WEATHER ALERT

Public works chairman beets drum for winter road juice

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It’s time to determine if using more beet juice can help Winnipeggers get a better grip on roads, lanes and sidewalks, one city councillor says.

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It’s time to determine if using more beet juice can help Winnipeggers get a better grip on roads, lanes and sidewalks, one city councillor says.

Beet juice is already used as part of the City of Winnipeg’s street de-icing arsenal. The city sprays a beet juice-salt brine mixture directly on ring roads and bridges at times and may also use it to wet salt and sand being spread on streets.

Coun. Matt Allard, the city’s public works chairman, thinks the product’s use could be greatly expanded. In a new motion, he’s calling on municipal staff to study the impact of applying beet juice de-icing mixtures throughout the city next winter.

MIKAELA MACKENZIE / WINNIPEG FREE PRESS FILES

Councillor Matt Allard is calling on municipal staff to study the impact of applying beet juice de-icing mixtures throughout the city next winter.

“I’m wondering… what it would look like to mandate it citywide. We would have substantially less salt on our roadways,” said Allard.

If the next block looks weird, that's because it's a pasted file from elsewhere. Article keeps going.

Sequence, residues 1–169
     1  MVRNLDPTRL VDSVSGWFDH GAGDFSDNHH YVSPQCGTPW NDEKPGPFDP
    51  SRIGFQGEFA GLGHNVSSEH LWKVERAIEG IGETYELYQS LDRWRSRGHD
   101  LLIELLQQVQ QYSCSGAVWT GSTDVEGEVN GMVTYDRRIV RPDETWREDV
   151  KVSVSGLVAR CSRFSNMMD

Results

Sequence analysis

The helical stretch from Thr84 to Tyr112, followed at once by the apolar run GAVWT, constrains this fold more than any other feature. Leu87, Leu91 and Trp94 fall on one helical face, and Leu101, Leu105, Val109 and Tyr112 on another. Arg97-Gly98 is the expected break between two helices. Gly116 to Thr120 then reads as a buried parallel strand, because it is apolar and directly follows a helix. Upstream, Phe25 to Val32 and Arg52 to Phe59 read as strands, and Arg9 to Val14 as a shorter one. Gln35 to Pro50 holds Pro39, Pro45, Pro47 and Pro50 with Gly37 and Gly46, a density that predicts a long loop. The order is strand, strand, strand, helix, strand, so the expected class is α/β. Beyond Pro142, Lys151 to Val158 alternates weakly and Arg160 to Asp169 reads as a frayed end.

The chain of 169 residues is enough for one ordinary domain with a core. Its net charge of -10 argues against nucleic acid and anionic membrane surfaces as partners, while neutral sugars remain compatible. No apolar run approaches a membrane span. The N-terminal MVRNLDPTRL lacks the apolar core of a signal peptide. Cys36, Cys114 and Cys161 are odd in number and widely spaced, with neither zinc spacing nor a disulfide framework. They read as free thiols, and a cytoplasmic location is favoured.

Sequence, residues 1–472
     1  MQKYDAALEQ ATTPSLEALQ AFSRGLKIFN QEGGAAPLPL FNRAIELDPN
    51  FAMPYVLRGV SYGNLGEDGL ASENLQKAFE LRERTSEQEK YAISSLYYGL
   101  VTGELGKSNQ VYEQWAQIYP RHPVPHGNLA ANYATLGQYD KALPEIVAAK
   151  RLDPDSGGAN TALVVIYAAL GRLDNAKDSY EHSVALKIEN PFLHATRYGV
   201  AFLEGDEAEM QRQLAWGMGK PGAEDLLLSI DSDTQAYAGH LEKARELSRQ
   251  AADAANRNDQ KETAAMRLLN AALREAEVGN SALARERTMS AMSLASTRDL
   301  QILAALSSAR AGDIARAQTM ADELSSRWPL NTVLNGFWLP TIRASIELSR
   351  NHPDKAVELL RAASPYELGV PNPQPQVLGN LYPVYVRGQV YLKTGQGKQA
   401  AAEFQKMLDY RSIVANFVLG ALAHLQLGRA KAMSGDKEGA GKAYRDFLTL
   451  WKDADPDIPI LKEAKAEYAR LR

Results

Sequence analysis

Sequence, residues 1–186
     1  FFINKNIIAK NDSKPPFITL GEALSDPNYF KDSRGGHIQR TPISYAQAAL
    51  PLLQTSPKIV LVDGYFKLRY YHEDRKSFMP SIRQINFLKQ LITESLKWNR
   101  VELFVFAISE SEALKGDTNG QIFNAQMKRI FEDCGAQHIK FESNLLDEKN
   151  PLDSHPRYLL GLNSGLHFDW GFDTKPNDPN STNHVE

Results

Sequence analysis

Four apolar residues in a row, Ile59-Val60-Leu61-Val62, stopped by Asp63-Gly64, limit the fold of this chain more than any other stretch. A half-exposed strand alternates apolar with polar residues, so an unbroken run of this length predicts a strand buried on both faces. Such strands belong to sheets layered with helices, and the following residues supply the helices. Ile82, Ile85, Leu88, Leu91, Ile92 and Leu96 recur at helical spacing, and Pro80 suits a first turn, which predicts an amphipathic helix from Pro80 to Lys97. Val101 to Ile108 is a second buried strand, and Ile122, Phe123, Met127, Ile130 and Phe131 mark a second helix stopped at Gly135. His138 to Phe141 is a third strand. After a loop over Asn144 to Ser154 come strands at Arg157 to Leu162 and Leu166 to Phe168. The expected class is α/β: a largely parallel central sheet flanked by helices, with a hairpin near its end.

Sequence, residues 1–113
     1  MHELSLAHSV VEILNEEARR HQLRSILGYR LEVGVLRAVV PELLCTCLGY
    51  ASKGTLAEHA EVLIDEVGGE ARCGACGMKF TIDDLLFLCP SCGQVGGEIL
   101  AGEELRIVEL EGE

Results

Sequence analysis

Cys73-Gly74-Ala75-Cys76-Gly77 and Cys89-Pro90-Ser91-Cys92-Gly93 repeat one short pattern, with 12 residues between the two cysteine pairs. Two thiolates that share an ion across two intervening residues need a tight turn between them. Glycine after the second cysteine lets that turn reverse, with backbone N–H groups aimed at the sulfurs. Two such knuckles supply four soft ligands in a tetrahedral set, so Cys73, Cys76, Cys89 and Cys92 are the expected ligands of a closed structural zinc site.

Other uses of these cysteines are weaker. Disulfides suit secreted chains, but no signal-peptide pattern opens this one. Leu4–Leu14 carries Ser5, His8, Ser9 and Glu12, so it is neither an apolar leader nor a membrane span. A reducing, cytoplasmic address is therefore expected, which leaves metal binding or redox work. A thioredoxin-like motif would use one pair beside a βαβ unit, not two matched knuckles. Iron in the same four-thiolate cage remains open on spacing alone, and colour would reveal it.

The councillor is also pushing for a report on the environmental and cost benefits of switching to greater use of beet-juice-based mixtures to reduce the city’s reliance on road salt, which can damage trees, snow-clearing machines and concrete.

“I don’t think we’ve ever had a holistic look at… the total cost benefit of salt versus other products in the life of our machines,” said Allard.

City spokesman Ken Allen said it would be “premature” to comment on Allard’s motion, or how feasible it would be to rely more on beet juice next winter. At least some amount of beet juice de-icing mixture has been used since 2020, after proving successful in trial projects that began in 2015, Allen said.

In an email, he said beet juice has been found to have several benefits.

“Beet juice improves the adhesion of the sand and salt to the roadway surface at colder temperatures. Beet juice can make up to 60 per cent of the solution we are applying to the roads and is combined with a traditional sodium chloride-based brine. This lessens our chloride loading on infrastructure and the environment while producing a good quality melting solution effective to temperatures below -30 C,” he wrote.

Allard’s motion also calls for the public service to report on the amount of beet juice versus sand and salt applied to city rights-of-way over the past five years and options to reduce the use of sodium chloride and other salts on city streets.

The motion will be debated by the Riel Community Committee on Tuesday.

Joyanne.pursaga@freepress.mb.ca

Twitter: @joyanne_pursaga

Joyanne Pursaga

Joyanne Pursaga
Reporter

Born and raised in Winnipeg, Joyanne loves to tell the stories of this city, especially when politics is involved. Joyanne became the city hall reporter for the Winnipeg Free Press in early 2020.

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